By just about any statistical measure, Britain is a safer country than it was a decade ago. The British Crime Survey shows that violent crime has fallen by about a third since 1997. Despite the impression given by some media outlets, the risk of falling victim to violent crime is lower than it has been for several years.
Yet that is no excuse for complacency from ministers. Such is the capacity of violent crime to ruin lives that no government can afford to ignore it. Violent crime is also concentrated in certain geographical areas. While offending rates might be falling nationwide, some cities are demonstrating a worrying upward trend. This necessitates a robust response from the Government and the police.
But the response has to be intelligent and proportionate. The latest Home Office measures aimed at reducing the levels of violent crime are a mixed bag. Police, probation and local authorities will be expected to identify and share information about those who are "at risk" of committing violent crimes. This is sensible enough, although one wonders why such co-operation is not already taking place. The Home Office is promising greater efforts to stop alcohol being sold to under-18s. This is also welcome, although again, why has it taken so long for ministers to demand that the law be enforced?
The most sensible announcement is the increase in the doubling of the number of sexual assault referral centres so that they will cover the entire country by 2011. This is something women's rights campaigners have long advocated. The evidence-gathering expertise of these centres should boost the present abysmally low conviction rate for rape. Also welcome is the pledge to do more to tackle so-called "honour crimes". But the plan is a let-down in other respects. Police will be issued with airport-style metal detectors to help them tackle knife crime. Technology is hardly the answer to the social problem of teenagers carrying knives. And in any case, only 440 "search wands" and 110 "portable knife arches" are to be issued nationwide. This sounds depressingly like a cheap gimmick.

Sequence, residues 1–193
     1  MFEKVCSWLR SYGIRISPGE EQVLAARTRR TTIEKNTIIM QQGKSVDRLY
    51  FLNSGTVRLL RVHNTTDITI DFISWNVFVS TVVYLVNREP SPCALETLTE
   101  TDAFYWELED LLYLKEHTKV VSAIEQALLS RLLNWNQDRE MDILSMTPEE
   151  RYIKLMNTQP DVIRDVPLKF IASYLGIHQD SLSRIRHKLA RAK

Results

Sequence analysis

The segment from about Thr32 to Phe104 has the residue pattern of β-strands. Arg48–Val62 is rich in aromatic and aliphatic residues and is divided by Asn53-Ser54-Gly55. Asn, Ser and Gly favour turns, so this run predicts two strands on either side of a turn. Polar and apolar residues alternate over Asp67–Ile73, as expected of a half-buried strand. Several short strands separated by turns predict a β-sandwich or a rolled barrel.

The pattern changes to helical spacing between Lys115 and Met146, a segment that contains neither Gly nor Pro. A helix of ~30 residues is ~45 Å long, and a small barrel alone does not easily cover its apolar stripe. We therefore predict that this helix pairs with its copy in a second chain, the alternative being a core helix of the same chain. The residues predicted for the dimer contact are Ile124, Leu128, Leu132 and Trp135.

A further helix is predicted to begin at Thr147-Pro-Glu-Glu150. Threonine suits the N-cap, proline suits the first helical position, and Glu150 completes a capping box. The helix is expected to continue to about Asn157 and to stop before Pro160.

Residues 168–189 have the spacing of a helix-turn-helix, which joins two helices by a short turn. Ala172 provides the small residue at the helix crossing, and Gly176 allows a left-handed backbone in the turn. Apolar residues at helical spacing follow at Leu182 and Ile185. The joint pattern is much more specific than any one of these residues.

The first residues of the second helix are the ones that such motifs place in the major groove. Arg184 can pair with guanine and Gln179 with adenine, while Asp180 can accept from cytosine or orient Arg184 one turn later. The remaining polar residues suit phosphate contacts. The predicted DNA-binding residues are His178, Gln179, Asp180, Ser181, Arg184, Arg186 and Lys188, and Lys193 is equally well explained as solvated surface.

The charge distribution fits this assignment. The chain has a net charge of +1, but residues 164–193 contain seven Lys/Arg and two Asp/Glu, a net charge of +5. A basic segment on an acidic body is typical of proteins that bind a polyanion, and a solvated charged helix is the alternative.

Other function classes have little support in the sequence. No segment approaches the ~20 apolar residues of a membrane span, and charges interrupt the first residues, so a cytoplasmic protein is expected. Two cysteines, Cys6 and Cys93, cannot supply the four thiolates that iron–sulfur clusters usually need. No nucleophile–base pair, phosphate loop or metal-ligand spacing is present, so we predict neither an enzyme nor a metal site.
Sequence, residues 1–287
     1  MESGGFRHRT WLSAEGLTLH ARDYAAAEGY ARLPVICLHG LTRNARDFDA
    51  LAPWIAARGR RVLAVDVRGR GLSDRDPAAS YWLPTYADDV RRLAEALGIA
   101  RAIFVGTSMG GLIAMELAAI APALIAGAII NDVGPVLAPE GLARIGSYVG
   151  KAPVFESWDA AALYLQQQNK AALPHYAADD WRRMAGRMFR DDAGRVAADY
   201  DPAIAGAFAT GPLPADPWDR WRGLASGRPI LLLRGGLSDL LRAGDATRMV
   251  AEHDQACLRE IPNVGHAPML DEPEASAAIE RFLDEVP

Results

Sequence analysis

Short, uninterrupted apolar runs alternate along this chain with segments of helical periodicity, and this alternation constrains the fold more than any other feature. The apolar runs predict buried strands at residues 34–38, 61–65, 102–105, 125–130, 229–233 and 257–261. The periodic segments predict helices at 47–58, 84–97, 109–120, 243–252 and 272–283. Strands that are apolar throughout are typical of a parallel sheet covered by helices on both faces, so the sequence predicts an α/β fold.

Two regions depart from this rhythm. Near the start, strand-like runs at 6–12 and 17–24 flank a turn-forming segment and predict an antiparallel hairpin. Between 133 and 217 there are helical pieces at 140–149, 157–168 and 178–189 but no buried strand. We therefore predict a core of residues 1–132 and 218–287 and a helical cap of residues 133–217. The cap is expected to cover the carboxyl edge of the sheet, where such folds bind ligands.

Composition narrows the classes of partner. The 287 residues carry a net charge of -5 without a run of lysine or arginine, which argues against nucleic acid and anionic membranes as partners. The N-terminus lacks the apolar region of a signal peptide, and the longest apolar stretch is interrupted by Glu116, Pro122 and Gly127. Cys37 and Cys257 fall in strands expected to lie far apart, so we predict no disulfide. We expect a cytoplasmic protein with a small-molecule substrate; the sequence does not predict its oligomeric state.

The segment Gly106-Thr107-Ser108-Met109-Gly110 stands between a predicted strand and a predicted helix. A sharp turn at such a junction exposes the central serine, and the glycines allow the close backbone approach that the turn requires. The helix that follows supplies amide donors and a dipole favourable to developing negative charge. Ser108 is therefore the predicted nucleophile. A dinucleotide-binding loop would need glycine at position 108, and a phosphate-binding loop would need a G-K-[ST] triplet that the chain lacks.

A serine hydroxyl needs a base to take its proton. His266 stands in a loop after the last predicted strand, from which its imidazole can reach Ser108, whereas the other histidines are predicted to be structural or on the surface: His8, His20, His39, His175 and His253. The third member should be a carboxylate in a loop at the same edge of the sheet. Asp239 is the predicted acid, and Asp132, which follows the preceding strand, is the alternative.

The plan also suffers from the usual government vice of assuming that locking up as many people as possible is a useful contribution to lowering crime rates. Ministers want to encourage "tougher sentences" for knife crime. If incarceration were a major deterrent to criminality, we would surely be living in a crime-free nation by now. The Government is right to put a priority on reducing violent crime, and there are some sensible proposals in the latest measures, but ministers are still resisting the idea that the old "tough" approaches usually do more harm than good.Reuse content